2 days ago, I had started this 2 part series on “HOW TO TAKE BETTER PEOPLE PHOTOS”. Today we continue with the rest of the 6 steps. Hope you enjoy:
4. Watch the sun
It’s great when the sun comes out. All the colors are brighter and people find it much easier to smile. However, bright sunlight produces hard dark shadows which can have a very unflattering effect on someone’s face if they are at the wrong angle. It is much easier to take pictures of people on a cloudy day because, no matter which direction they face, the lighting won’t change too much.
Of course, we can’t control the weather, so probably the best thing to do on a sunny day is to find a shady spot to take your photograph. In order for this to work best, the background, the subject, and the camera should all be shaded from direct sunlight.
When there is no shade to be found, consider the angle of the sun relative to your subject’s face. There are two positions that minimize the effect of shadows cast by the sun. If your subject stands almost directly facing the sun then the shadows on their face will be at their smallest. Don’t have them absolutely directly facing the sun or you might get your own shadow into the shot.
Another option is to have the sun behind them so their entire face is in shadow. Again, don’t have the sun directly behind them or you could end up with some flare in your picture. You may have to adjust the exposure for this type of shot but it’s the best set up if you can also use fill in flash on your camera.
5. Get on the eyeline
Having sorted out the background and the lighting, the next thing to consider is your subject and the position of your camera relative to them. Eyeline can mean different things depending on the context but here I’m just referring to your subjects eye level. This is ideally where your camera should be, at the same height as their eyes or very slightly below.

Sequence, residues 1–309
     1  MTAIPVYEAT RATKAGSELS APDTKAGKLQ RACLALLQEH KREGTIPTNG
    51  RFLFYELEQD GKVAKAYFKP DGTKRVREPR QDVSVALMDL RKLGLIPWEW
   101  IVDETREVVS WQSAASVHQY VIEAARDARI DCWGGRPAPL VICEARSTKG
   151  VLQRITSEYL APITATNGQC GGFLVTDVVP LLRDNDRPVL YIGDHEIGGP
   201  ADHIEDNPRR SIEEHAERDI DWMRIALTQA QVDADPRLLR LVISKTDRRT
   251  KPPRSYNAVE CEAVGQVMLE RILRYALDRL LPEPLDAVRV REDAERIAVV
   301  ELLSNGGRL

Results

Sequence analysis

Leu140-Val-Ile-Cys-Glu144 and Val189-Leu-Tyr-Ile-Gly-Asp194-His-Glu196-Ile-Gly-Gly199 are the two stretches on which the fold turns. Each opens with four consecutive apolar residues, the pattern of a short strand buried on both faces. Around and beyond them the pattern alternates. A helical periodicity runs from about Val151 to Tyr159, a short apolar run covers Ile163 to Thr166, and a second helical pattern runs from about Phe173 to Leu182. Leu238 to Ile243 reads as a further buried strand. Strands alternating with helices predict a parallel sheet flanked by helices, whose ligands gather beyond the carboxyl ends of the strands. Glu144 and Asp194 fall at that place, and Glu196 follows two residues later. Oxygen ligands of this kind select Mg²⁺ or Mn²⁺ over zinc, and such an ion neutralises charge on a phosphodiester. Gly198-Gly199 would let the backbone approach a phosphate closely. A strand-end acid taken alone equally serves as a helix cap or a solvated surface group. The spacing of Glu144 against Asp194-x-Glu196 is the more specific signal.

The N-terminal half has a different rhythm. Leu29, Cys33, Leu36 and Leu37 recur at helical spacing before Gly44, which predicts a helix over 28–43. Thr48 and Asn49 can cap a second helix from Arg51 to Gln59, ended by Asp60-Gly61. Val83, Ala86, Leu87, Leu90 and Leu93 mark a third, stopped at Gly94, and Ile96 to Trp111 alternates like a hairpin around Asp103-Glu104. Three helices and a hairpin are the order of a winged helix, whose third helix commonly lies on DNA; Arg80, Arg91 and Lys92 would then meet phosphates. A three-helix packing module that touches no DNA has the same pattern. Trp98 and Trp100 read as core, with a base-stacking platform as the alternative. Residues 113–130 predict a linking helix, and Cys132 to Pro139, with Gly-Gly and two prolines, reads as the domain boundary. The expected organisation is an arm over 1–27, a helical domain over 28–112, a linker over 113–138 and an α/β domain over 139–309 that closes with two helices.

In professional portraiture, the height of the camera relative to the subject’s eyes plays an extremely important part in determining how they will look in the final image. Even slight changes of this aspect can make a profound difference. The most neutral place to be is at the same level and, unless you’re making a portrait as opposed to just taking a picture, this is the best place to be.
When dealing with a subject who is much taller than you then you should think of asking them to sit down so you can get on their eye level. If that’s not possible, try standing farther away and zooming in. This will reduce the angle at which you are pointing up and minimize the effect.
In most cases the problem arises when you’re photographing someone sitting down or a child or even a pet. It is almost always going to be a better picture if it is taken from the eye level of your subject. You don’t need to take my word for it, try it for yourself the next time you are in this situation.
Extra Tip: Don’t be square
If you follow all of the above, you should be able to take a decent photo of anyone but that is still some way away from making a portrait, which is an attempt to show your subject’s character and personality as well as being a good picture of them. Once you have mastered all the tips, you might be inspired into taking this one stage further and stepping into the realms of portraiture.
For this you need to think about your subject’s pose and probably the simplest way to start is to avoid having them squarely facing the camera. Ask your subject to face about 45 degrees away from the camera or have them stand still and you move round about 45 degrees. Then ask them to turn their head to face the camera for the shot. This usually looks much better than just being square on and, if nothing else, will have a slimming effect on most people, which is often appreciated.
Which direction they turn usually doesn’t matter but a few people have a “good” side. The best thing to do is to try a shot from either side and decide what is best later on.
For better people pictures you should: turn the camera around for portrait format, fill the frame with your subject and always shoot from their eye level. Oh, and if it’s a sunny day, get into the shade.
About the Author
Colin Aiken is a professional photographer based in the United Kingdom. You can view some of his photographs at: http://www.lovethepictures.co.uk.
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